Salvador learns that one of his films from some time ago called Sabor is being honored at a film festival or for some event. The organizers of the event want Salvador and an actor from the film to attend a Q and A. As Salvador decides on whether he’s going to attend this event and as he decides on what he’s going to do with his career vis-à-vis his health issues, he encounters a series of people. All of whom remind him of his past, particularly his childhood and his relationship with his mother.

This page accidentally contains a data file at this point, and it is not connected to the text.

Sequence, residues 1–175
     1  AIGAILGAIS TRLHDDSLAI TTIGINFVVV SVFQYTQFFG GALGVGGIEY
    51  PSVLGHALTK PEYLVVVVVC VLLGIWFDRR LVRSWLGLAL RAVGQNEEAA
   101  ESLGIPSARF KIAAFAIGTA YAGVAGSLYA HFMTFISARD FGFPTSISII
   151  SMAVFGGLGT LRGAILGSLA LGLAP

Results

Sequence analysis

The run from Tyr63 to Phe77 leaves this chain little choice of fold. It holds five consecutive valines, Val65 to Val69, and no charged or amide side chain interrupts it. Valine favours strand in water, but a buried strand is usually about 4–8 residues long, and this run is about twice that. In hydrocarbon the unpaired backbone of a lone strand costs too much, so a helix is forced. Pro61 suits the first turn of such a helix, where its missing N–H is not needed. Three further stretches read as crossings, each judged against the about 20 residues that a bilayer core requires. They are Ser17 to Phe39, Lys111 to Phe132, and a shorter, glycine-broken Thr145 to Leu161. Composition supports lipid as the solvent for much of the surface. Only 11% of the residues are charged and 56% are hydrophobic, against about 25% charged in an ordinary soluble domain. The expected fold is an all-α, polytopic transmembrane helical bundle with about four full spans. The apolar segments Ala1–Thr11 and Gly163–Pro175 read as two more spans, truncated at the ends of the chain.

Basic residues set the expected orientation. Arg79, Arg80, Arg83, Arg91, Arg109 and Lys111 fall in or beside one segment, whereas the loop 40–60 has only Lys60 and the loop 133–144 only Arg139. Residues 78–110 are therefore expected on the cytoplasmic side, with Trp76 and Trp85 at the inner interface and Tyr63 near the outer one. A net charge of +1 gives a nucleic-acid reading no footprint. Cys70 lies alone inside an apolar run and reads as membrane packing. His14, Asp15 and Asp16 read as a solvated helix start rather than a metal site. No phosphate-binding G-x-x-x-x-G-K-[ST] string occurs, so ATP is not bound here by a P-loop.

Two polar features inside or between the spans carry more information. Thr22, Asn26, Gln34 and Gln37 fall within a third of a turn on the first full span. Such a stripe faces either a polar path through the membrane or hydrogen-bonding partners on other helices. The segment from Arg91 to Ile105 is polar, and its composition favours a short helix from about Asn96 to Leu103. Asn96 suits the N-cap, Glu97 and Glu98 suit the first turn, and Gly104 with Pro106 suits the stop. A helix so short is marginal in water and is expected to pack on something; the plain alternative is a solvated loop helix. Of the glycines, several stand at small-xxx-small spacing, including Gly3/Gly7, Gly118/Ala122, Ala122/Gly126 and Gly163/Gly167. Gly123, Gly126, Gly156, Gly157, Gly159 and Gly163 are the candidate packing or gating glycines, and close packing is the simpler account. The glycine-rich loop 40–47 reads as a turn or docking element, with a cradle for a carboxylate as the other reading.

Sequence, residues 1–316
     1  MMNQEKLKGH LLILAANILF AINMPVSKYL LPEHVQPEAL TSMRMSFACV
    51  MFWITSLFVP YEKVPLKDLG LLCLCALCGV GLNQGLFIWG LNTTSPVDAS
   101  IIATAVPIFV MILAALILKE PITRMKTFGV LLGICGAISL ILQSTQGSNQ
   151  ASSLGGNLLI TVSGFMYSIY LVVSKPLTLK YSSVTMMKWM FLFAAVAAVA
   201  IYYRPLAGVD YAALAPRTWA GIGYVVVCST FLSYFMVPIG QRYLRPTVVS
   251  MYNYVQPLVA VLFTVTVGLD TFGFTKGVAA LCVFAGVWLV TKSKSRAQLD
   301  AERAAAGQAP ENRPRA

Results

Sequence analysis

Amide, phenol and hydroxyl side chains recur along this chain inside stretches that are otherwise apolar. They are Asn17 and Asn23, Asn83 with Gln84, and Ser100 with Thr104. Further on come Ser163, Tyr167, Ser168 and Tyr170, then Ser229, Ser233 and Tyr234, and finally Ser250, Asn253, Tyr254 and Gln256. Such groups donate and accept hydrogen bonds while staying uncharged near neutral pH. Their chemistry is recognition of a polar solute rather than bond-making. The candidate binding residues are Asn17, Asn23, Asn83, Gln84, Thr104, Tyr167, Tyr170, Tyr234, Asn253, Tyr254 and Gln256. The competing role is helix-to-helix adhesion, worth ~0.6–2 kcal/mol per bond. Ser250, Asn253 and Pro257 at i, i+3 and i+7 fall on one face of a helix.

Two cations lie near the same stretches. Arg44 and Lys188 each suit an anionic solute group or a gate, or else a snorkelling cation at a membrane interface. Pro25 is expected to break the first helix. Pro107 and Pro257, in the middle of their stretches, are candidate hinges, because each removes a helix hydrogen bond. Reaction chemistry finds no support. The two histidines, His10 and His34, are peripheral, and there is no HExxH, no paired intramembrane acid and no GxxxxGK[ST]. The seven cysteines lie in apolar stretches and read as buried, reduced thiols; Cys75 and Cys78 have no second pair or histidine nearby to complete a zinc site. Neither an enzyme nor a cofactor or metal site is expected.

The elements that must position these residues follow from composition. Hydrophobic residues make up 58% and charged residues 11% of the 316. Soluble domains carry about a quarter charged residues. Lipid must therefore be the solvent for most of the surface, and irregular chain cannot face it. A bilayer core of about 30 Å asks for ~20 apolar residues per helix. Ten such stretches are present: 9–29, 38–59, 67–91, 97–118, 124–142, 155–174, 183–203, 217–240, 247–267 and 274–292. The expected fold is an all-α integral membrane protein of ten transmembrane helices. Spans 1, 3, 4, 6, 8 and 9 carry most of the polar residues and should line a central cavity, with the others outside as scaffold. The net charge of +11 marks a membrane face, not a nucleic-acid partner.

Penélope Cruz has been in about four or five of Almodóvar’s films, including Volver (2006), which won Cruz the Oscar for Best Leading Actress. Here, she plays Jacinta, the mother to Salvador. We see her when Salvador is only 8- or 9-years-old, which is probably in the late 1950’s or early 1960’s. She is apprehensive when her husband wants to move the family to a remote village where they would have to live in a veritable cave. Literally, their home is built inside a cave that has no electricity or running water. She settles into it and plans to send Salvador to a seminary because it’s the only opportunity for an education and a way out of this impoverished and limited life, even though young Salvador doesn’t want to go to a seminary. She struggles to make a life in their new environment, as well as provide Salvador want he needs or wants.